IDNR Proposes Fees for Dam Permitting

Fairwood Lake and Dam 4x2

March 2013 – Municipalities, developers and others in need of dam permits will have little choice but to pay new fees.  Permitting of Illinois dams up to now has not required the submission of a permit fee.  But the Illinois Department of Natural Resources-Office of Water Resources (IDNR-OWR), which regulates and issues permits for dams within the state, is proposing legislative changes that will implement a fee structure for permitting of dams.  The proposed legislation could become law as early as July.

The IDNR-OWR classifies dams as Class I (high hazard), Class II (moderate hazard), and Class III (low hazard).  Within each of these classes, a dam is further categorized as small, intermediate, or large, based on its height and impounding capacity.

The proposed fees range from $500 for an initial review, to $1,000 for an operating authorization for an existing dam, to $4,500 for construction of a new Class I or Class II dam.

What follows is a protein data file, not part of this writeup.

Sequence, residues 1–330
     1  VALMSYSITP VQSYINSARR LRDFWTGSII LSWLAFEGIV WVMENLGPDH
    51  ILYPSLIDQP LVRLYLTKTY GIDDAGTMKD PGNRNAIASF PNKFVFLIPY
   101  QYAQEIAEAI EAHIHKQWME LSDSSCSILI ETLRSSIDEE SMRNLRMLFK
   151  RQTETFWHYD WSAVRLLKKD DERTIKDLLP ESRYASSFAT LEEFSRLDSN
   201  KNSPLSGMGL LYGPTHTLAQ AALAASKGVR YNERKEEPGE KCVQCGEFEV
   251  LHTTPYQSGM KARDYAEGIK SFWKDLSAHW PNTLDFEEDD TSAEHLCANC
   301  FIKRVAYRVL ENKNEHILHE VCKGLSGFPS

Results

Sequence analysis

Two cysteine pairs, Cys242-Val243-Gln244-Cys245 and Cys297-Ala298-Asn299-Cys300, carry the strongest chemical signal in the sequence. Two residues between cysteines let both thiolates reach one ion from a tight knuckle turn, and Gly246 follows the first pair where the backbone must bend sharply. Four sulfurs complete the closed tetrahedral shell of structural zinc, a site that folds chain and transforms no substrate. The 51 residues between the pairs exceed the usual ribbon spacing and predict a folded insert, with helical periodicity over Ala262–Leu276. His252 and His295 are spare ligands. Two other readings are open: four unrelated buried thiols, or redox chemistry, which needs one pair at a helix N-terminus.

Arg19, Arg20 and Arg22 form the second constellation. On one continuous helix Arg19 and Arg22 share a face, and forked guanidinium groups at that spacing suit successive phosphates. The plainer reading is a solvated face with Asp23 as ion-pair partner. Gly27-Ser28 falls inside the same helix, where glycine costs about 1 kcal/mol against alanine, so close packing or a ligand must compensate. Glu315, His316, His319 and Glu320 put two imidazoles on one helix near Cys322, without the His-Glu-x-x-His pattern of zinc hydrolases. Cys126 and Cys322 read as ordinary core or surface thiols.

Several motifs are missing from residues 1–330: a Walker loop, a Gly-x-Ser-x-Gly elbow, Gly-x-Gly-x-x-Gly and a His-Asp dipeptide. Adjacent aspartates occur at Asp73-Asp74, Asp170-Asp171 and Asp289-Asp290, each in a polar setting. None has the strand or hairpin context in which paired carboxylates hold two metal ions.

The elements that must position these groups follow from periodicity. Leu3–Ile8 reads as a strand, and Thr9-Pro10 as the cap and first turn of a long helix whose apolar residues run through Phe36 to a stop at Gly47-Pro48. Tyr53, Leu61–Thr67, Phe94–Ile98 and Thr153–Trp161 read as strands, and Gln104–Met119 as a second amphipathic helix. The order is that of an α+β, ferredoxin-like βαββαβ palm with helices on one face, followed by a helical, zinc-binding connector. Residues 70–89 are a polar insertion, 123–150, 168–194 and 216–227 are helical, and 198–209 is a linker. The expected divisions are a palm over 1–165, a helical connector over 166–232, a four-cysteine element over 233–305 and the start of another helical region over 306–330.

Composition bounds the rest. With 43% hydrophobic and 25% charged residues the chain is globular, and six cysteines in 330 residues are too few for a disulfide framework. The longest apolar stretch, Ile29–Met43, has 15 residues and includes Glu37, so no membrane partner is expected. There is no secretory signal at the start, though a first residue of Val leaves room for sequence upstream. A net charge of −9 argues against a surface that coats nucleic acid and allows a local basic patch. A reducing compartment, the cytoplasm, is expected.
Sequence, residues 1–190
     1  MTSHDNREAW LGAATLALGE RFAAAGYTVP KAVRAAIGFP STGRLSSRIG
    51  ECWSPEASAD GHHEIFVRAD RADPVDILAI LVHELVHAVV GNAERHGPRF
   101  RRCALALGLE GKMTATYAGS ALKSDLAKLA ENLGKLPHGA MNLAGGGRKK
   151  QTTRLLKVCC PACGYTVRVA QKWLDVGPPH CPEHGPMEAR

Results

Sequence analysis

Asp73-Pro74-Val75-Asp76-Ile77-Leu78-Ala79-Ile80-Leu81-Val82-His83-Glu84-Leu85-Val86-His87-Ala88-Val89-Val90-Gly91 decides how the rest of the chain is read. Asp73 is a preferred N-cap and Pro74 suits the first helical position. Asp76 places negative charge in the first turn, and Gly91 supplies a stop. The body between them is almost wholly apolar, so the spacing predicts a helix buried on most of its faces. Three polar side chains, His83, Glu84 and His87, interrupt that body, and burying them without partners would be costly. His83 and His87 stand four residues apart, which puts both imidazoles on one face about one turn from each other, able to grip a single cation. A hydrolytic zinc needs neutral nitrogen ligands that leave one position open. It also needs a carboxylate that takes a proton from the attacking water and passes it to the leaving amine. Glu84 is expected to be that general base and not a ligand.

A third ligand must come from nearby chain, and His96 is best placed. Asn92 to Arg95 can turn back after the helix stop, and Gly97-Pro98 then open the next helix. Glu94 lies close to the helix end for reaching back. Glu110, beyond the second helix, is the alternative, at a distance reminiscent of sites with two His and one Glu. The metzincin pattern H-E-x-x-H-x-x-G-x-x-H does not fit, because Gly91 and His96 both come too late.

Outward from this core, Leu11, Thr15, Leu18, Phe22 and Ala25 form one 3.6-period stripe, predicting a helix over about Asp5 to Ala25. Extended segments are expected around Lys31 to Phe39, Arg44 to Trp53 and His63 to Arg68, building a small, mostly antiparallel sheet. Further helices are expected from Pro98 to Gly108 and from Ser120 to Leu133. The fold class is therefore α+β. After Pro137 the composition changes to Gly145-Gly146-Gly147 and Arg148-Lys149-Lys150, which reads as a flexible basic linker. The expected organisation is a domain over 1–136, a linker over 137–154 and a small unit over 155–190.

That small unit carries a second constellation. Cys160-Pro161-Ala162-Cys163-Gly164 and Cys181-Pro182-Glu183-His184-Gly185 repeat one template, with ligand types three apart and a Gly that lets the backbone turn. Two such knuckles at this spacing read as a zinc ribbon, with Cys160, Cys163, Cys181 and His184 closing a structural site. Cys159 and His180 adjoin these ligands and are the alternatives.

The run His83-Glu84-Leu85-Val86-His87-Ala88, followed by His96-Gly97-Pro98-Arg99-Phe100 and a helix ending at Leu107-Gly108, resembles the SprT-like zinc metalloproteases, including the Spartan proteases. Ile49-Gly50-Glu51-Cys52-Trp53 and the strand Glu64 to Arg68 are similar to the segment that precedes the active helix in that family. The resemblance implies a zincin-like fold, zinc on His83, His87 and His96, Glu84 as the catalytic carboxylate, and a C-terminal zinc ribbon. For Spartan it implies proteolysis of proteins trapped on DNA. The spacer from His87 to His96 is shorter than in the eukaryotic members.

If the law goes into effect as currently proposed, these fees will be subject to an annual escalation adjustment based on the U.S. Bureau of Labor Statistics Consumer Price Index Table, which is something new for state agencies in relation to permits.  The IDNR-OWR proposal may be the start of a new trend among cash-strapped state agencies looking for new ways to raise revenue, both in Illinois and in other states.

The water impounded by a dam represents a large amount of potential energy that, if catastrophically released, can pose significant hazards to the lives and property downstream of the dam.  Thus it is important that dams be designed correctly and inspected regularly to assure their continued stability.  The IDNR-OWR permit process helps assure that these requirements are met, and therefore that the public welfare is protected. 

TWM has designed and secured permits for all three classes of dams, from simple Class III to the more complex Class I dams, which require complex hydrologic and hydraulic computer modeling and then the analysis of the results to assess rainfall distributions, as well as a dam breach analysis, which computes water surface elevations in the event that a dam structure should ever fail.